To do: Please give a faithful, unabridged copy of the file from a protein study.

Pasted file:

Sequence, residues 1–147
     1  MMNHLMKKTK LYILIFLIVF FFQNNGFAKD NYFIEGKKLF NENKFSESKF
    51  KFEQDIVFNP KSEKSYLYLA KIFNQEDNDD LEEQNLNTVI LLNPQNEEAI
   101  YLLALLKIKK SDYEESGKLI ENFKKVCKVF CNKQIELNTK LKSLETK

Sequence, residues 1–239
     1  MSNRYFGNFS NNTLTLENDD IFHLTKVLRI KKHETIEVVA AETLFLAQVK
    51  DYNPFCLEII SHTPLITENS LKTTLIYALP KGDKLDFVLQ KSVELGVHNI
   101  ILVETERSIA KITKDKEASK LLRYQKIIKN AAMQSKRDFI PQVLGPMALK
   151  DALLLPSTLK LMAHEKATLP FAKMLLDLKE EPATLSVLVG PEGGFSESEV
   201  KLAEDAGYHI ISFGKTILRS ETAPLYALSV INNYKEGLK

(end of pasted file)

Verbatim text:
Sequence, residues 1–147
     1  MMNHLMKKTK LYILIFLIVF FFQNNGFAKD NYFIEGKKLF NENKFSESKF
    51  KFEQDIVFNP KSEKSYLYLA KIFNQEDNDD LEEQNLNTVI LLNPQNEEAI
   101  YLLALLKIKK SDYEESGKLI ENFKKVCKVF CNKQIELNTK LKSLETK

Sequence, residues 1–239
     1  MSNRYFGNFS NNTLTLENDD IFHLTKVLRI KKHETIEVVA AETLFLAQVK
    51  DYNPFCLEII SHTPLITENS LKTTLIYALP KGDKLDFVLQ KSVELGVHNI
   101  ILVETERSIA KITKDKEASK LLRYQKIIKN AAMQSKRDFI PQVLGPMALK
   151  DALLLPSTLK LMAHEKATLP FAKMLLDLKE EPATLSVLVG PEGGFSESEV
   201  KLAEDAGYHI ISFGKTILRS ETAPLYALSV INNYKEGLK